Unions are organizing two separate marches in central Athens. Demonstrators’ ire will focus on the new belt-tightening for 2013-14, demanded by bailout creditors to release a desperately needed new rescue loan payment.

The city has seen hundreds of anti-austerity protests — many violent — over the past three years, since Greece revealed it had been misreporting key deficit figures and sank into an economic gloom so deep it has been likened to the Great Depression of the 1930s.

The country is clinging to solvency with the help of two massive international bailouts worth a total €240 billion ($315 billion). To secure them, it committed to drastic spending cuts, tax hikes and reforms, aimed to cure years of profligate government spending.

But while significantly reducing budget deficits, the measures accelerated a recession that after five years is closer to a depression. By the end of next year, the economy is expected to have shrunk by about a quarter from 2008 levels. And with one in four workers out of a job, Greece has the worst unemployment rate in the 27-nation European Union.

“In general, we’re going from bad to worse,” said 85-year-old pensioner Giorgos Ierodimos. “Salaries are being reduced, pensions are being reduced, everything is getting more expensive, from food to health care to hospitals, medicines, everything. So how will people live? How will we live?” Continue reading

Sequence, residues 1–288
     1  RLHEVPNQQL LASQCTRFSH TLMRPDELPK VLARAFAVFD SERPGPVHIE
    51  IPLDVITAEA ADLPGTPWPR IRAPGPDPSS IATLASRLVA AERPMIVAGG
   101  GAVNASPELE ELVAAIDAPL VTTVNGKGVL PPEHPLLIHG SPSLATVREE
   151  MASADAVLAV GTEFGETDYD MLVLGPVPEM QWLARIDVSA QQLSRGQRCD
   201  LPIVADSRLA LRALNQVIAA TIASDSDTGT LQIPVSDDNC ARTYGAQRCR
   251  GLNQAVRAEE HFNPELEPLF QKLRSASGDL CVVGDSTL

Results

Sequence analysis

Spain prepares more austerity, protesters battle police

A demonstrator struggles with Spanish National Police riot officers outside the the Spanish parliament in Madrid September 25, 2012. Protesters clashed with police in Spain's capital on Tuesday as the government prepares a new round of unpopular austerity measures for the 2013 budget that will be announced on Thursday. REUTERS-Sergio Perez

By Tracy Rucinski and Paul Day, REUTERS

MADRID | Tue Sep 25, 2012

(Reuters) – Protesters clashed with police in Spain’s capital on Tuesday as the government prepared a new round of unpopular austerity measures for the 2013 budget to be announced on Thursday.

Thousands gathered in Neptune plaza, a few meters from El Prado museum in central Madrid, where they formed a human chain around parliament, surrounded by barricades, police trucks and more than 1,500 police in riot gear.